She points out three examples of textual differences that are being explored.
  1. From Malachi: "The verse in question, from the text we know today, makes reference to "those who swear falsely." The scholars have found that in quotes from rabbinic writings around the 5th century A.D., the phrase was longer: "those who swear falsely in my name.""
  2. From Deuteronomy: "In another example, this one from the Book of Deuteronomy, a passage referring to commandments given by God "to you" once read "to us," a significant change in meaning."
  3. From Jeremiah: "The Book of Jeremiah is now one-seventh longer than the one that appears in some of the 2,000-year-old manuscripts known as the Dead Sea Scrolls. Some verses, including ones containing a prophecy about the seizure and return of Temple implements by Babylonian soldiers, appear to have been added after the events happened."
It boggles her mind that the people engaged in this study are (and have been from the start) devout believers in the authority of the Biblical text - in this case Orthodox Jews.  She does not see (nor do many of the "KJV Only" persuasion) how textual criticism can be reconciled with faith.  "What we're doing here must be of interest for anyone interested in the Bible," said Michael Segal, the scholar who heads the project."  I agree completely.

The study of textual criticism is necessary because all manuscripts before AD 1450 (the printing press) were hand written and every single copy varied slightly from every other copy.  Since the Exodus was about 1450 BC, that leaves almost 3000 years of copying texts by hand.

The vast majority of the variations are going to be spelling differences.  There will also be some transpositions in word order (a difference that doesn't usually affect Hebrew meaning.)  But for about 98 or 99 percent of the text there will be no significant questions about the original reading. 

In the 2% or so where there are doubts about the original reading - the question is not the meaning of the text, but what exact words were used to communicate that meaning.  For example, "Those who swear falsely" are certainly swearing by God's name - so perhaps a scribe added the last part - or maybe left it out as redundant.  But the meaning is the same, regardless.  In her second example, whether the commandment was given "to you" or "to us," it was still given and you know what it is.  The meaning is unchanged.

As for correcting the book of Deuteronomy by the "2,000 year old manuscripts known as the Dead Sea Scrolls," it is not as impressive as it sounds since these scrolls were produced about 600 years after the original book was written.  What must be considered is that only "some" of these Scrolls include the shorter reading.  Older versions (e.g., the Greek translation called the Septuagint) contain the longer reading - so where did the shorter reading come from?  Were they shortened for some purpose - or were portions lost somehow?

 The study of textual criticism is not something that believers need to fear.  They should actually appreciate it.  Our confidence in the preservation of the text is not a blind leap of faith.  Our confidence in the text is solidly supported by the hard work of these devoted people who track down the original reading and root out even the minor differences that have been introduced over the years.  It is abundantly clear that the original meaning of the text is well preserved.  We know WHAT was said, even if 2% of the time there is debate over HOW it was said.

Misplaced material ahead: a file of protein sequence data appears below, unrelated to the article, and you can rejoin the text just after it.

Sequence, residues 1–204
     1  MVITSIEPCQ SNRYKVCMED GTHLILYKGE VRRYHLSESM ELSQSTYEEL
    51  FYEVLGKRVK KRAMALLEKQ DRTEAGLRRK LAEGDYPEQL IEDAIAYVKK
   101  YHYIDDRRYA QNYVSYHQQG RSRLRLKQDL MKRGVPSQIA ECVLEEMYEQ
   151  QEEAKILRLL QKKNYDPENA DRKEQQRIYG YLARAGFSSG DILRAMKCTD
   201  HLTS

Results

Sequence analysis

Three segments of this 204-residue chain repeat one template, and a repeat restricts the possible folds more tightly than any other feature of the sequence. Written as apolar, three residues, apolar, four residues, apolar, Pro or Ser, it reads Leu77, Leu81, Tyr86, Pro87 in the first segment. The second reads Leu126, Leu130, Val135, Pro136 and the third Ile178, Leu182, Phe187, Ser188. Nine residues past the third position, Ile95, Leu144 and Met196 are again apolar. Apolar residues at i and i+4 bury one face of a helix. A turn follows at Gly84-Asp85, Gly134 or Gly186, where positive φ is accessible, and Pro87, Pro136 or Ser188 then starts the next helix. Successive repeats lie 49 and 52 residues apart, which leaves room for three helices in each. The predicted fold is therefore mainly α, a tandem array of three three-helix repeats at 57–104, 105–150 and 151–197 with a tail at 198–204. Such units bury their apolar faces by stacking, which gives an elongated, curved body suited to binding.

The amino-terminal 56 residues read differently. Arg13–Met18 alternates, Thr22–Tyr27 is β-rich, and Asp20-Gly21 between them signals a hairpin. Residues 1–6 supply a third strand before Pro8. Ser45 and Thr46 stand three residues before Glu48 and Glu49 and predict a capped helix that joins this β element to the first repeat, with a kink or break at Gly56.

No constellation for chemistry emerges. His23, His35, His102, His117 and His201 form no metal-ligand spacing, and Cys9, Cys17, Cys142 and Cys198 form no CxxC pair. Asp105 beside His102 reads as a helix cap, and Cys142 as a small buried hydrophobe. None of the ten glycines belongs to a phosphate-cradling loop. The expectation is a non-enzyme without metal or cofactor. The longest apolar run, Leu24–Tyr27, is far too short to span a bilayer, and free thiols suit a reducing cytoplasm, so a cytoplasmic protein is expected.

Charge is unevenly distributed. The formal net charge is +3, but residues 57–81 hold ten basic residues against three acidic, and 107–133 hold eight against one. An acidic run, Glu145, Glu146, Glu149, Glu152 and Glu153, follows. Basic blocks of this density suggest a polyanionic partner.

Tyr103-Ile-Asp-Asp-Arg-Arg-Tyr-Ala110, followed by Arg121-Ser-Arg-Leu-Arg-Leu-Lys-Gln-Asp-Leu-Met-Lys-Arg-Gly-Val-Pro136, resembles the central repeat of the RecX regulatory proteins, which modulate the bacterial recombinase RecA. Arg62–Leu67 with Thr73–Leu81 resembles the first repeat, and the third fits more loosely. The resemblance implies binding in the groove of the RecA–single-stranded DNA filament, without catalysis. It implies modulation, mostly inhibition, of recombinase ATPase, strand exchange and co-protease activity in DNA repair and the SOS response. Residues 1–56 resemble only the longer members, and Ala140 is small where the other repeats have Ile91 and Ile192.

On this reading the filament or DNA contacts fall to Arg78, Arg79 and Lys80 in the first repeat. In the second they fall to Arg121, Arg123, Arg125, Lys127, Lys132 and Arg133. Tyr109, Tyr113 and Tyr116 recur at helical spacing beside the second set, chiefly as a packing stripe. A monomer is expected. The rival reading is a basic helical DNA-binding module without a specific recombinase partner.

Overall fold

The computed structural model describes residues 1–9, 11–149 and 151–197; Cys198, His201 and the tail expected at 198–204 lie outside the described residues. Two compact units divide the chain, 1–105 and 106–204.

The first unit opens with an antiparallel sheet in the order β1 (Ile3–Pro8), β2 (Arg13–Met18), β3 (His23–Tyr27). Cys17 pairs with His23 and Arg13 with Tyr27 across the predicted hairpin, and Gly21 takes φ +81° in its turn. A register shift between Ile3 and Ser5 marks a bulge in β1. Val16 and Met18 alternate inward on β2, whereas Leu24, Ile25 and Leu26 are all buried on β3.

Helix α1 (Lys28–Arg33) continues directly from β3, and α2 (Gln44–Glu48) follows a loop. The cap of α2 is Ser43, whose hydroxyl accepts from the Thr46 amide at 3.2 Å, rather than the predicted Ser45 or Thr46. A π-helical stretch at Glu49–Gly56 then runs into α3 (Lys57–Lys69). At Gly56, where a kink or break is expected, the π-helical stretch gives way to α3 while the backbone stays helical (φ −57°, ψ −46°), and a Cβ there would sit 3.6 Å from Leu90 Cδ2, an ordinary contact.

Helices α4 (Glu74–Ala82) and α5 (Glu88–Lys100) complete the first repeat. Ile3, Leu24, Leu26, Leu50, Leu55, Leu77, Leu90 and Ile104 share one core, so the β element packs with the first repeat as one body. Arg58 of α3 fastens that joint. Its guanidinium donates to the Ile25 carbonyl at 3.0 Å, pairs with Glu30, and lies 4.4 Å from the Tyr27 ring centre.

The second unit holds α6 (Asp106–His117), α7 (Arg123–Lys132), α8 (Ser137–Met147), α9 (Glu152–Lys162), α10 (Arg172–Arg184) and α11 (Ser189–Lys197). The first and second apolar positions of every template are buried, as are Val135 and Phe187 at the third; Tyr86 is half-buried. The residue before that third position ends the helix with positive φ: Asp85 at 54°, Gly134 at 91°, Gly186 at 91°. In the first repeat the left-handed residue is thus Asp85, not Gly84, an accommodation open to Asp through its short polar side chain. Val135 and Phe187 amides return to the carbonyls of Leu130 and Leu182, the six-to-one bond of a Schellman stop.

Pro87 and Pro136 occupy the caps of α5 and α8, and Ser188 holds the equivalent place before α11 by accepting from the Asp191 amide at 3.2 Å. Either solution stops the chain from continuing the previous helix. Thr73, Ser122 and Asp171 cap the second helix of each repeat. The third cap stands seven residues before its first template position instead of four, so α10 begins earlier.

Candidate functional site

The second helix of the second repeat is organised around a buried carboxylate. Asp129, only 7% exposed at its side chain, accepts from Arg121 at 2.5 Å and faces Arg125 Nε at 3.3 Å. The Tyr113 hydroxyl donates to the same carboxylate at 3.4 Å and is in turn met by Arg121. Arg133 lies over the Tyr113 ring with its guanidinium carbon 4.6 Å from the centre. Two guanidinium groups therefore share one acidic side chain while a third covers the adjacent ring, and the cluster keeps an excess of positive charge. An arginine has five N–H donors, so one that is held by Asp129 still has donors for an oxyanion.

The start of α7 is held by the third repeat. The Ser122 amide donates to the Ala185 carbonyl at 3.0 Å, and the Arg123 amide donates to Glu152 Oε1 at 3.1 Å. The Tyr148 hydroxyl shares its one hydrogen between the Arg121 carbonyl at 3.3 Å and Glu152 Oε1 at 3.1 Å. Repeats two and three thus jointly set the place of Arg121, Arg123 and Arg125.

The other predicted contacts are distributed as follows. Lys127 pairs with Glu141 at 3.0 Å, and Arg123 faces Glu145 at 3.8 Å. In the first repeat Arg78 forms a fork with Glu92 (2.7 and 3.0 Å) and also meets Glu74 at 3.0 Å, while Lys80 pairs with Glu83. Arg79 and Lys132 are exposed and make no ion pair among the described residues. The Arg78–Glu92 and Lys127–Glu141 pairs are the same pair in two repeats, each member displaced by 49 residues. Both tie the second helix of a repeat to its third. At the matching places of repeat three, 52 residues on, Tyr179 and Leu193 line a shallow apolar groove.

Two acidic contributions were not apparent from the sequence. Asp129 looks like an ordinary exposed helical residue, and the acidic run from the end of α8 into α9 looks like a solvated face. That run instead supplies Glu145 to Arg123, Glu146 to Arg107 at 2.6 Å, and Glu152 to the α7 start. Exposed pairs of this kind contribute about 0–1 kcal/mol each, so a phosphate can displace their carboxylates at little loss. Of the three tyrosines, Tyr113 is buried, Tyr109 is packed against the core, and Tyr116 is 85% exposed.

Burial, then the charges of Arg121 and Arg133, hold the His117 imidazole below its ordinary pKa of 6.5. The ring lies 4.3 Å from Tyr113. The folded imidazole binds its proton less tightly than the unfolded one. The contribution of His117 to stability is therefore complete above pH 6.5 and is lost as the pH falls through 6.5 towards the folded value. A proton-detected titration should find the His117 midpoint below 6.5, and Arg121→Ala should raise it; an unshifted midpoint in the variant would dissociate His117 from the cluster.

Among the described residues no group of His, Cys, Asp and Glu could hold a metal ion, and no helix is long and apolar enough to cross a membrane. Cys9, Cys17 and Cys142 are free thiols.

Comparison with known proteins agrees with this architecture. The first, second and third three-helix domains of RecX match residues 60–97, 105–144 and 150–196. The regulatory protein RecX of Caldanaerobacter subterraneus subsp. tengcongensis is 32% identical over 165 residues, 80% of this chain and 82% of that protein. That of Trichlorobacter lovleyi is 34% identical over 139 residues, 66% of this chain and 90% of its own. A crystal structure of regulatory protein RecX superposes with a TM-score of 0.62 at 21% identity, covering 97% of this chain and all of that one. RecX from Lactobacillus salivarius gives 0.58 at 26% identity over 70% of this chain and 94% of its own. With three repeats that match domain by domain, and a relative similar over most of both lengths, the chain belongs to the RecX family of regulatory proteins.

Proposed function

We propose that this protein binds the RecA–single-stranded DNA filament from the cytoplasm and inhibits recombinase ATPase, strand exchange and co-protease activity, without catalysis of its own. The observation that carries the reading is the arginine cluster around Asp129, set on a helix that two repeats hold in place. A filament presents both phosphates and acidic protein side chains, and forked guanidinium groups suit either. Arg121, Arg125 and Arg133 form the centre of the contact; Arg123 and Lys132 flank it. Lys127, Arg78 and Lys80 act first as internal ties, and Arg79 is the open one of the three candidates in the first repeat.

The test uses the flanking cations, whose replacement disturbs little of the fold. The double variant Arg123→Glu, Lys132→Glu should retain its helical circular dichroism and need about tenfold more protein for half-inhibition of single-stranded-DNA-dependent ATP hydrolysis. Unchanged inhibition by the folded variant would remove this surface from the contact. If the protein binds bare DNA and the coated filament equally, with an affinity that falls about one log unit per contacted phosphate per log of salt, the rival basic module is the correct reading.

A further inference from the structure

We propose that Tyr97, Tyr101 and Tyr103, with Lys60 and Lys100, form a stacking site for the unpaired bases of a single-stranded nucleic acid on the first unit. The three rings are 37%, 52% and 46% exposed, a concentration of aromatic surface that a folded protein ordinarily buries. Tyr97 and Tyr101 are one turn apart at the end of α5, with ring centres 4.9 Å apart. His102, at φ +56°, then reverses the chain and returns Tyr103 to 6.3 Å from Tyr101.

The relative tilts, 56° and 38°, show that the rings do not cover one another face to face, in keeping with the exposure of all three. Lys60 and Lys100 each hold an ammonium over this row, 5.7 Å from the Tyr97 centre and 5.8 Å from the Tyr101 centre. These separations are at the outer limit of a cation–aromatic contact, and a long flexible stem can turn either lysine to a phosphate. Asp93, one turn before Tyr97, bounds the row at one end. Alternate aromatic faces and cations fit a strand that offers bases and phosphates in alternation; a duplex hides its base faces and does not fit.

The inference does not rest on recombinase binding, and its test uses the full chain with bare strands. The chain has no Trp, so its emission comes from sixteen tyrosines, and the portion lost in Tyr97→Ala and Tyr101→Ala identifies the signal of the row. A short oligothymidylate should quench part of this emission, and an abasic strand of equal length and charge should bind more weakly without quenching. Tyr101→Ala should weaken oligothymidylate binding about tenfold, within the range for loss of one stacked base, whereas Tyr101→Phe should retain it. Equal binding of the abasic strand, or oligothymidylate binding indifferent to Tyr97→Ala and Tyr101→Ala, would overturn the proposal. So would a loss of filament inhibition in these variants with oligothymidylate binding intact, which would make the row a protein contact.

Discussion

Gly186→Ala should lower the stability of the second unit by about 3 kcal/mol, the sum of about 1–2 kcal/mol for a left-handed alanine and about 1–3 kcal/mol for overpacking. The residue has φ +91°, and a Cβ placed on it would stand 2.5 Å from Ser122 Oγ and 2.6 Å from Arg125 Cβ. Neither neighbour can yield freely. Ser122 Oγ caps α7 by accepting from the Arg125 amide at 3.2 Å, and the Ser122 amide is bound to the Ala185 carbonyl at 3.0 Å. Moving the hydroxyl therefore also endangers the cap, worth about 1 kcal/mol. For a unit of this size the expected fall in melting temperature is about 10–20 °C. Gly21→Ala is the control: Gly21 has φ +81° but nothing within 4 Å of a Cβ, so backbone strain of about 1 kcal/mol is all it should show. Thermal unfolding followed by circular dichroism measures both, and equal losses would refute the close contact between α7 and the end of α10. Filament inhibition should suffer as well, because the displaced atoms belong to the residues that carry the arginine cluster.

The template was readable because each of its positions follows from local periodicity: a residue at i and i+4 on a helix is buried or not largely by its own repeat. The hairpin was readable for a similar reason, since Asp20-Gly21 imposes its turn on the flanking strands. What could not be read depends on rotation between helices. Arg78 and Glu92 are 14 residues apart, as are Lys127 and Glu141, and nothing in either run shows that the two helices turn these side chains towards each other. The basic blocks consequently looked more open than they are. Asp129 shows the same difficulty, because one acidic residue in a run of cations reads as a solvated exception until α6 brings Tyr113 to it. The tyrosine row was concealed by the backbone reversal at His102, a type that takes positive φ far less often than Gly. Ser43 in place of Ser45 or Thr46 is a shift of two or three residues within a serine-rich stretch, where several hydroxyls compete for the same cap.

Wednesday, August 10, 2011

As A Little Child

(Mark 10:13–16 NKJV) Then they brought little children to Him, that He might touch them; but the disciples rebuked those who brought them.
14 But when Jesus saw it, He was greatly displeased and said to them, “Let the little children come to Me, and do not forbid them; for of such is the kingdom of God.
15 Assuredly, I say to you, whoever does not receive the kingdom of God as a little child will by no means enter it.”
16 And He took them up in His arms, laid His hands on them, and blessed them.
On Monday I preached at the funeral for a baby who lived just less than two months.  One day she was thriving.  The next day she was gone and her family was thrown into an agony of grief.  It is a terribly difficult circumstance that weighs heavy on your heart and brings sympathetic tears to your eyes.

Some theologians have doubted the eternal destiny of infants who die before they can understand - much less respond to - the gospel.  But I think the matter is clear in the scriptures. There is a consistent presumption that infants who die are safe with God.

The basis of this confidence is not the ability or inability of infants to believe the gospel message.  The basis of this confidence is the character of God.

The God of the Bible is holy - infinitely good.  Among God's attributes are justice, love, goodness and truth which He has in infinite perfection.  He is omniscient and so is perfect in wisdom.  He is omnipotent and so is perfect in freedom to act according to His character.

Abraham, concerned for the welfare of his nephew Lot, asked a rhetorical question, "Shall not the Judge of all the earth do right?" (Genesis 18:25 NKJV)  There is only one possible answer.  It is inconceivable that the One who is the measure of all things could do anything other than what is perfectly right.

Like little children, we are completely dependent, and God is completely dependable. This is the nature of child-like faith.

We can entrust ourselves to Him. We can entrust our children to Him.

 Have faith in God.